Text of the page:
Fertiliser should only be applied during the growing season, i.e. in summer, with Daltons Premium Houseplant Tabs. It is important to assess if the plant requires fertiliser, unhealthy symptoms can be attributed to other factors, as well as the plant requiring additional nutrients. With long-term houseplants e.g. large, leafy, green plants, the application of fertiliser in spring should be part of the normal plant management programme. As a general rule, pale green leaves are indicative of the need for fertiliser.
Never overwater or leave orchids sitting in water as their roots can rot. Water them two-three times a week during warmer months when the potting mix has dried out. Orchids prefer their fertilisers delivered in a liquid form during the growing season. Use a good quality fertiliser like Daltons Premium Orchid Food. Mix with water and apply to the plant, avoiding any foliage.
Cacti and succulents need to be well watered in spring and summer. During the winter months, when cacti and succulents are dormant, watering should be decreased. Fertilise with Daltons Premium Goldcote Landscapes and Gardens annually in early spring.
Potting up new house plants or repotting existing ones
The best time to pot up is in spring/early summer when there is plenty of new root growth and temperatures are warmer. If your houseplants are rootbound (roots appear through drainage holes), and/or leaves turn a yellow colour, then it may be time to replant it into a larger container.
Always choose a container that’s big enough for the plant to grow into - one that is one-to-two sizes larger than the existing pot is best.
Poor drainage can kill houseplants so check your container has drainage holes and use free-draining potting mix like Daltons Premium Houseplant Mix. If your container doesn’t have drainage holes, add some small stones or gravel to the bottom of the container before adding the potting mix, so the plant roots won’t constantly sit in water.
When potting up a new plant, always read the plant label carefully, following any specific instructions. As a guideline, here are some best practice steps for planting up your houseplant:
|1. Ensure the plant is thoroughly moist before potting or repotting|
|2. Trim any damaged or tangled roots and loosen up the root ball and clean off the top 1cm of the old mix to eliminate any weeds.|
|3. Partially fill a clean, free-draining container with Daltons Premium Houseplant Mix|
|4. Place the plant in the container. Adjust the potting mix under the plant until it is at the desired height|
|5. Fill the rest of the container to approximately 2cm from the top, gently tapping to ensure the mix distributes throughout the roots|
|6. Water the plant and allow to drain. Leave in a shaded spot for 2-3 days to establish|
Pests and diseases
Common pests of houseplants are mealy-bugs, scale insects and red spider mite.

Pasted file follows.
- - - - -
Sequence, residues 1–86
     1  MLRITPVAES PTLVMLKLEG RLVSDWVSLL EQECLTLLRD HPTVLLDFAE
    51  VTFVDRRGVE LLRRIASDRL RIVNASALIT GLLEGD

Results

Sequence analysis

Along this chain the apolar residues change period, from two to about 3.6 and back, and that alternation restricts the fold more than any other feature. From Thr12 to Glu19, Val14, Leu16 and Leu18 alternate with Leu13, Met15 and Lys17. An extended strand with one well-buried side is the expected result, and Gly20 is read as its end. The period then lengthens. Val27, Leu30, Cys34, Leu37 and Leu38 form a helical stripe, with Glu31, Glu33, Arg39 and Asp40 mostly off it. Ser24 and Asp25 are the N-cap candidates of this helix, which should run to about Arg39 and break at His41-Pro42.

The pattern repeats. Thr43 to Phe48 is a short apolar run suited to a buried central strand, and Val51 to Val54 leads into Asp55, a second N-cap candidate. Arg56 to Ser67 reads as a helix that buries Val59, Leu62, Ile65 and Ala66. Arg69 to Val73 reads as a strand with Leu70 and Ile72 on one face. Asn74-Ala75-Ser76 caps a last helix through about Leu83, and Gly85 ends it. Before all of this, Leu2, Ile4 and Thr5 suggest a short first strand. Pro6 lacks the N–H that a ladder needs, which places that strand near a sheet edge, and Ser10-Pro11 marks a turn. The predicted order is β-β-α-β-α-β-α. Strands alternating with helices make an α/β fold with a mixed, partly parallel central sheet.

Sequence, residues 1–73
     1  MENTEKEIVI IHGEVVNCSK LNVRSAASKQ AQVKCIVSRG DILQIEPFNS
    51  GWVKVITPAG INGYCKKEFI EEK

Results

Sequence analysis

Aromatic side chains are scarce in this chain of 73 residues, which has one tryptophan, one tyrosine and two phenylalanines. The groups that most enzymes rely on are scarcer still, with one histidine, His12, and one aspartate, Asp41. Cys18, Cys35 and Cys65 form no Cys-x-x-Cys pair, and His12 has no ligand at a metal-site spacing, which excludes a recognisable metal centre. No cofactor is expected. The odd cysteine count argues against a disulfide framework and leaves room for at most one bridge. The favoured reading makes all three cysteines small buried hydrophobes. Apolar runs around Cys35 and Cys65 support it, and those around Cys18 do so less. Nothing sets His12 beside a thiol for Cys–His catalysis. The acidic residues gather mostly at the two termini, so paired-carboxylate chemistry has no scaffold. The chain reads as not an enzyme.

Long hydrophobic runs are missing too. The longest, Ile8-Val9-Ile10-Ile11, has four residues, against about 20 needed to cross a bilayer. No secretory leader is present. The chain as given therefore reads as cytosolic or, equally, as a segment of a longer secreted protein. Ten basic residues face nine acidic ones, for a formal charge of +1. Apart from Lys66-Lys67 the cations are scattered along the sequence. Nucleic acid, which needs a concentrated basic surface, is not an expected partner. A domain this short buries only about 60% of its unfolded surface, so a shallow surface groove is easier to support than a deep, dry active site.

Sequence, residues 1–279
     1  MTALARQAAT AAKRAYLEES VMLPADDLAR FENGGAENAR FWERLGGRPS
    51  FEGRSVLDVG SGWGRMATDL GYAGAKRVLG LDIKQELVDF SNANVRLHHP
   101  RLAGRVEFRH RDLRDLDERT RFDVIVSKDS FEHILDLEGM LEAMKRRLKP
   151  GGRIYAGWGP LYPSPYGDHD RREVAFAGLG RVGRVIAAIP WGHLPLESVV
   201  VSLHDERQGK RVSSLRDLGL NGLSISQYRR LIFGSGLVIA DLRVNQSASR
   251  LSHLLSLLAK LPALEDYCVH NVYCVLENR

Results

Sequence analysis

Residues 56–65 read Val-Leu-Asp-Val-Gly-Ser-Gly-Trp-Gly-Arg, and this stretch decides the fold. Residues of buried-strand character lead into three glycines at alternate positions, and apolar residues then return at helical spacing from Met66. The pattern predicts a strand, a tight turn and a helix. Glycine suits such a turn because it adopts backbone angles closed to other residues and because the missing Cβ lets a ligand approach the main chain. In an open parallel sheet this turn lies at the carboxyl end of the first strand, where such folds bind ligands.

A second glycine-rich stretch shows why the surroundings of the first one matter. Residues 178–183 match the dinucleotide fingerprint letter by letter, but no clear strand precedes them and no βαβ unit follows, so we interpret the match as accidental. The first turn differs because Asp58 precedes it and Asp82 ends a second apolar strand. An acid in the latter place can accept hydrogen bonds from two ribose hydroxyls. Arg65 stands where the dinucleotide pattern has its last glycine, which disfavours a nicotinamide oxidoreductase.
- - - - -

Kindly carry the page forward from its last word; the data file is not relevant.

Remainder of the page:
|Mealy-bug and scale are both quite visible on the plant and can be removed manually with a moist cloth. However, where there is a large infestation, in summer, take the plant outside and wash away the insects and clean the infested plant parts with a fine misting hose.|
||Red spider mite is more difficult to control as it is only obvious when plants are heavily infested. It may be necessary to remove infested leaves as well as spraying water from a fine misting hose all over the plant.|
||Most diseases that affect houseplants such as brown tips of leaves are the result of a watering problem, either too much, too little, or erratic watering! Observe your houseplants carefully to assess their water requirements and always reduce the amount of water applied over the winter months. Always use lukewarm water when watering your houseplants, especially in winter.|
Houseplants to Grow
Hoya carnosa (and other species)
Cast Iron Plant (Aspidistra elatior)
Coffee shrub of Arabia (Coffea arabica)
Dracaena – numerous forms to grow
Paper Plant (Fatsia japonica)
Fiddle Leaf Fig (Ficus lyrate)
Rubber Fig (Ficus elastica)
Weeping Fig (Ficus benjamina)
Swiss Cheese Plant (Monstera deliciosa)
Palms – numerous species such as Kentia palms
Philodendrons (A wide variety of shapes and sizes available)
Dwarf Umbrella Tree (Schefflera actinophylla)
Umbrella Tree (Schefflera actinophylla)
ZZ Plant (Zamioculcas Zanzibar)
Zebra Plant (Aphelandra Squarrosa)
Crotons (Codiaeum spp) - A wide variety of leaf shapes and colors available
Spider Plant (Chlorophytum)
Dumbcane Plant (Dieffenbachia amoena)
Poinsettia (Euphorbia pulcherrima)
Radiator Plant (Peperomia) – numerous forms available
Moses-In-The-Cradle (Rhoeo discolor)
Snake Plant (Sansevieria)
Grape Ivory (Cissus rhombifolia )
Ivory (Hedera spp)
Chain Of Hearts (Ceropegia wood)
String Of Pearls (Senecio Rowleyanus )
Boat Orchids (Cymbidiums)